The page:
Delhi air quality dips as SC’s firework ban goes up in smoke

New Delhi: Delhi recorded a jump in pollution levels and a smoky haze returned on Monday morning after residents defied the ban on firecrackers on Diwali night.

On Sunday, the city recorded its best air quality on Diwali day in eight years, with its 24-hour average Air Quality Index (AQI) settling at 218 at 4 pm.

However, firecracker bursting till late Sunday night led to a spike in pollution levels amid low temperatures.

The AQI stood at 275 (poor category) at 7 am and gradually rose to 322 by 12 noon. Pollution levels neared the “severe” category (AQI between 400 and 450) in some areas, including Ayanagar (382), Central Road Research Institute (393) and Pusa (391).

The concentration of PM2.5, fine particulate matter that can penetrate deep into the respiratory system and trigger respiratory problems, exceeded the safe limit of 60 microgrammes per cubic metre by six to seven times in these areas.

Firecracker bursting pushed the PM2.5 concentration at many places, including Okhla and Jahangirpuri, in the capital over 1,000 micrograms per cubic metre in the early morning hours.

According to the Delhi Pollution Control Committee (DPCC) data, PM2.5 pollution levels at the Jawaharlal Nehru Stadium soared to 1,423 micrograms per cubic metre by 2 am before it gradually came down to 101 micrograms per cubic metre by 12 noon due to rise in temperatures.

The PM2.5 concentration at Okhla stood at 1,629 micrograms per cubic metre at 1 am and dipped to 157 micrograms per cubic metre by 12 noon. At 12 midnight, the air quality monitoring station at Anand Vihar recorded a PM2.5 concentration of 1,985 micrograms per cubic metre, the data showed.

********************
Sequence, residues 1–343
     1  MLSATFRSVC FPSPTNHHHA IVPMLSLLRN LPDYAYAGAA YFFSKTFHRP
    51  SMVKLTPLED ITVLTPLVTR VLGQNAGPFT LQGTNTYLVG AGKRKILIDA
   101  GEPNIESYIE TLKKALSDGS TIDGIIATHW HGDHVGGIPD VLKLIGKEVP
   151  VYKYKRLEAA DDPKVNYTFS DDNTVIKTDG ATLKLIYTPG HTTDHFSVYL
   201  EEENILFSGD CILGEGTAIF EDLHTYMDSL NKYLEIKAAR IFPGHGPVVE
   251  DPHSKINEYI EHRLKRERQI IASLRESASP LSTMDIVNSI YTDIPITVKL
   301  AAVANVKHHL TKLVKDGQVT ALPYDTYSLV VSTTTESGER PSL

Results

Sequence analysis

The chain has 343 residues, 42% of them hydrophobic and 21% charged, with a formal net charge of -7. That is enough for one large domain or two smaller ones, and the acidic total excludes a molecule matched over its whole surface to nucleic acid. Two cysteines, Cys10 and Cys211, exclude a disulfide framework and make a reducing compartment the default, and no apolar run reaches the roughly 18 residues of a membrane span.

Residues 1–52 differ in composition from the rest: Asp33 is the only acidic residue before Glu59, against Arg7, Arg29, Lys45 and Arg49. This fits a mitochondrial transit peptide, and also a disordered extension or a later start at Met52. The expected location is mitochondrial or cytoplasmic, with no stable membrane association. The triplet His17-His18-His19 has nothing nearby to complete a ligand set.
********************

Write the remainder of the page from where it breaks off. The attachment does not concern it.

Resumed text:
Delhi recorded an AQI of 312 on Diwali last year, 382 in 2021, 414 in 2020, 337 in 2019, 281 in 2018, 319 in 2017 and 431 in 2016, according to Central Pollution Control Board data.

The city’s AQI a day after Diwali stood at 360 in 2015; 445 in 2016; 403 in 2017; 390 in 2018; 368 in 2019; 435 in 2020, 462 in 2021 and 303 in 2022.

An AQI between zero and 50 is considered good, 51 and 100 satisfactory, 101 and 200 moderate, 201 and 300 poor, 301 and 400 very poor, 401 and 450 severe and above 450 severe plus.

Delhiites experienced clear skies and abundant sunshine on Saturday and Sunday as air quality improved sharply just ahead of Diwali this year. The improvement was attributed to intermittent rainfall on Friday and wind speeds favourable for the dispersion of pollutants.

The city experienced very poor to severe air quality for two weeks starting October 28 with a suffocating haze lingering over the national capital.

In accordance with the practice of the past three years, Delhi has announced a comprehensive ban on the manufacture, storage, sale and the use of firecrackers within the city.

Last year, a decrease in stubble-burning incidents, delayed spells of rain, favourable meteorological conditions and an early Diwali prevented the national capital from turning into a gas chamber following the festival of lights.

The Decision Support System, a numerical model-based framework capable of identifying the sources of particulate matter pollution in Delhi, estimated that stubble burning in the neighbouring states, particularly Punjab and Haryana, accounted for 35 per cent of the PM2.5 pollution in the city on Sunday. It is likely to be 22 per cent on Monday and 14 per cent on Tuesday.

The data also found that transport — another major cause of pollution in the city — contributed 12 to 14 per cent to Delhi’s foul air over the past few days.

Press Trust of India (PTI) is India’s premier news agency, having a reach as vast as the Indian Railways. It employs more than 400 journalists and 500 stringers to cover almost every district and small town in India.

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